Her hand shot up. “Don’t you dare.”
Confused, he let the air go.
“You’ll spread dust everywhere if you blow it.” She marched to her desk, pulled a duster from the drawer, and arched an eyebrow at him.
He stepped away, leaned an elbow on a chair back, and watched while she dusted each book, shaking the cloth out the window at regular intervals. Niall was always full of praise for Cordelia’s prophetic skills and thoughtful advice. But on the one occasion Michael had approached her because he thought having his future read would be fun, she’d nearly bitten his head off. According to her, she wasn’t a carnival sideshow for his entertainment.
Her gaze flicked up to him, then darted back to her book. She was attractive in a repressed way, as though she didn’t want anyone to notice. But whatever she wore, she couldn’t hide the fact she had a damn fine body, and incredible hair. Up close, he could distinguish pale gold strands mingled with the dark, and her braid was as thick as his wrist. He imagined her naked, her loose hair draping her shoulders like a cloak. He pressed his lips together to keep from smiling. She’d be all covered up, but he’d bet her nipples would poke through.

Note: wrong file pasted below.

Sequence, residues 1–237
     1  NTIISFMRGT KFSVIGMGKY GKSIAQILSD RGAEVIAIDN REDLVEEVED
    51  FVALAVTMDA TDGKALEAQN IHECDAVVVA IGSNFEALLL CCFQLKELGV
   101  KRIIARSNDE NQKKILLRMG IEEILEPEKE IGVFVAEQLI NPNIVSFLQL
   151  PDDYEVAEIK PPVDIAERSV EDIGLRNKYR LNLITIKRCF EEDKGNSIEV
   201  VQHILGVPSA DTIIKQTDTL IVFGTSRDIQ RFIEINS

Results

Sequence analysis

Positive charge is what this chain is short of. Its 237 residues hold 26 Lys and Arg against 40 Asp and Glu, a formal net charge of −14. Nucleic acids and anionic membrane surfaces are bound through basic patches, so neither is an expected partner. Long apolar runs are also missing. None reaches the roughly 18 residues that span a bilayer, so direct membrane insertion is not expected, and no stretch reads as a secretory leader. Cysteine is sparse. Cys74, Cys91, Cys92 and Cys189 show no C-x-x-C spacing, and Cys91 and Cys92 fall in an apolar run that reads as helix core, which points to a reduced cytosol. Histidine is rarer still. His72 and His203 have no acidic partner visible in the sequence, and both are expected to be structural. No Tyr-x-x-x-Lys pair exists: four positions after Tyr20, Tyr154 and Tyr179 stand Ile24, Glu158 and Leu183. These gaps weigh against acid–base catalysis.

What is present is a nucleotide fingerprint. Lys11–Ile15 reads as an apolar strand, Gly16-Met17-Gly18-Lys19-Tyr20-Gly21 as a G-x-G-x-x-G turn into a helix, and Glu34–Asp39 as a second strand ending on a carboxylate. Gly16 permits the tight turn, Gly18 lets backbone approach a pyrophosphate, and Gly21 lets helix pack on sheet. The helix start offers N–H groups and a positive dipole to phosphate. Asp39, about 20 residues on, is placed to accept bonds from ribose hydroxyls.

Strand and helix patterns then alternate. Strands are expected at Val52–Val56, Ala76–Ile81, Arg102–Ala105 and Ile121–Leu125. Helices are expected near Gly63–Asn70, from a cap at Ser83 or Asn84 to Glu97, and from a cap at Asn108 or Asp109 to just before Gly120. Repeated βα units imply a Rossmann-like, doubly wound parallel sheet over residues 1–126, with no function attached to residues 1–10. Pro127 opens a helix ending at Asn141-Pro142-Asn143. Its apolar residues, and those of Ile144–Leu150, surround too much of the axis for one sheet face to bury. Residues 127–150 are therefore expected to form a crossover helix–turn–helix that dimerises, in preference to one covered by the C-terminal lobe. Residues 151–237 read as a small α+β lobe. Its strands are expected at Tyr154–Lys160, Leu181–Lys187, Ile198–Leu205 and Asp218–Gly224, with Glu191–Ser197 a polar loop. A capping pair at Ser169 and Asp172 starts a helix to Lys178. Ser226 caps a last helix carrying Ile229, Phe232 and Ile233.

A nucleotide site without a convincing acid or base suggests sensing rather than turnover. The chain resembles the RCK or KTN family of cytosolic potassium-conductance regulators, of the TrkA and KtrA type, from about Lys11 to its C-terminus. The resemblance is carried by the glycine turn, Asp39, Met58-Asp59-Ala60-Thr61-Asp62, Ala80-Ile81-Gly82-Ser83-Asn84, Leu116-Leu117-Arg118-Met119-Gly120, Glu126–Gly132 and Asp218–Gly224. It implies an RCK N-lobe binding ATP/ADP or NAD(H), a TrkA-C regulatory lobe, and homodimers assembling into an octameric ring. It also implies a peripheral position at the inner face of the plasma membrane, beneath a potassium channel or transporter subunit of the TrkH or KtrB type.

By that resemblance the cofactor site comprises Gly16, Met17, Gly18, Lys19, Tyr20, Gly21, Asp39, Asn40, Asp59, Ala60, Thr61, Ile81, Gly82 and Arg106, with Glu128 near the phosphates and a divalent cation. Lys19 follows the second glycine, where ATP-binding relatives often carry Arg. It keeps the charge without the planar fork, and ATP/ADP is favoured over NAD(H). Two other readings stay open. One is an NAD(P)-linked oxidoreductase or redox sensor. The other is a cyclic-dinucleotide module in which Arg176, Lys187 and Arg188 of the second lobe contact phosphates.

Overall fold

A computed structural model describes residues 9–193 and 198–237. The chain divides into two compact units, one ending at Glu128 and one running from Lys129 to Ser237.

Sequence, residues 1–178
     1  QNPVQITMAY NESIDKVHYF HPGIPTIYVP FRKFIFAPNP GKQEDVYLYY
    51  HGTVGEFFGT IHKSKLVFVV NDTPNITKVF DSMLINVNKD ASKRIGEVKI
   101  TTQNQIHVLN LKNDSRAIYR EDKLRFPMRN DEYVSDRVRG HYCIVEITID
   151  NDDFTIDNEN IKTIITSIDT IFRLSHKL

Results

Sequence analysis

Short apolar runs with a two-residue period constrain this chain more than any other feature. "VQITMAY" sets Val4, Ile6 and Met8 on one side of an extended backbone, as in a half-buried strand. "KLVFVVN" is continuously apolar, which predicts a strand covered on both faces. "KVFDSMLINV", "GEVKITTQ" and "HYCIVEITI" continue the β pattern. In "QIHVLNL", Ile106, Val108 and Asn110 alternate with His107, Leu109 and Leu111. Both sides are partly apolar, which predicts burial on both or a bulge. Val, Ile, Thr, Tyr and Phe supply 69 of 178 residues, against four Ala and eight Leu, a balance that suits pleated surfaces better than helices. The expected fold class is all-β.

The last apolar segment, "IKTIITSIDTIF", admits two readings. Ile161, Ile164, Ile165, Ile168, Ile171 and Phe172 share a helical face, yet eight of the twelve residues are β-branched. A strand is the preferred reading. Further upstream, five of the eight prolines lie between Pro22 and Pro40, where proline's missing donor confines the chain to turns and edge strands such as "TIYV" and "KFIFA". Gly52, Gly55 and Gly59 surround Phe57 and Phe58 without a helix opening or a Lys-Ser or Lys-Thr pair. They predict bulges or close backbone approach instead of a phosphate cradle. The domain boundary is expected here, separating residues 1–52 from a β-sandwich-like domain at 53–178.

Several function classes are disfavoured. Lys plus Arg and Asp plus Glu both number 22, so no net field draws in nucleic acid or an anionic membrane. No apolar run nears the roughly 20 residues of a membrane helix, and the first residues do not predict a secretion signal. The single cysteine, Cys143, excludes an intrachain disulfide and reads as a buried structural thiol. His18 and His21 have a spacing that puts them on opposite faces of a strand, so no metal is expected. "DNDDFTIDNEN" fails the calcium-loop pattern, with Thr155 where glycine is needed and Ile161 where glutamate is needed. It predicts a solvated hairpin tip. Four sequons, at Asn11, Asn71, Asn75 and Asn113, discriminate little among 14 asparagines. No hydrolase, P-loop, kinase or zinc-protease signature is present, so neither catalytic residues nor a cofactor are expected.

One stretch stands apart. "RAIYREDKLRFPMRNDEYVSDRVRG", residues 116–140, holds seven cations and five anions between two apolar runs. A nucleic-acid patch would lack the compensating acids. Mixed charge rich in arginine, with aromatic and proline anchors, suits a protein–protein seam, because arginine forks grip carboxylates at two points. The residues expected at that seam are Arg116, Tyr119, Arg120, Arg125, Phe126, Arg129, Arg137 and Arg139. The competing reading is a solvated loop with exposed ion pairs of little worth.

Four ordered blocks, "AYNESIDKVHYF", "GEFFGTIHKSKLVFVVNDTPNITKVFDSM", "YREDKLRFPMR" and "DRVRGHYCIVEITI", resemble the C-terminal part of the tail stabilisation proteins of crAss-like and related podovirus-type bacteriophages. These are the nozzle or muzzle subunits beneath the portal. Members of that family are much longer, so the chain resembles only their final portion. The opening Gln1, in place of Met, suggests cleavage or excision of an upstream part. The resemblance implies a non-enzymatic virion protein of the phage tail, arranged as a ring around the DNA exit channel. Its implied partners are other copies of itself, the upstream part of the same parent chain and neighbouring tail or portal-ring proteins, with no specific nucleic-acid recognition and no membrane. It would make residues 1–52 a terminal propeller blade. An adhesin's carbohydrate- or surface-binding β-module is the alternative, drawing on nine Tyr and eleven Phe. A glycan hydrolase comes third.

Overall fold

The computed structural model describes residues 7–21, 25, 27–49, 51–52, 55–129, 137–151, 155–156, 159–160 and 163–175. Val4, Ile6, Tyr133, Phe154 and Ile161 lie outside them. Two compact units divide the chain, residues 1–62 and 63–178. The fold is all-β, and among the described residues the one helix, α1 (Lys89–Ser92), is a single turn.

He jumped guiltily.
“Are you going to help me or not?” She held out a dusted volume.
Book in hand, he settled in one of the wing chairs before the fireplace. He’d tried not to worry about Gwyn ap Nudd, but the possibility his nephews were in danger flipped his stomach with a sick lurch. He pictured the sleepy little lads snuggled together in the cot they shared. The mantle of responsibility hung awkwardly on his shoulders, but he would do whatever was necessary to protect them. He loved the boys. Besides, Niall would string him up if he let anything happen to them.
Taking a steady breath, he focused his concentration on the key words to search for, then scanned the first page, flipped it over, scanned the next page, flipped, read, flipped, read—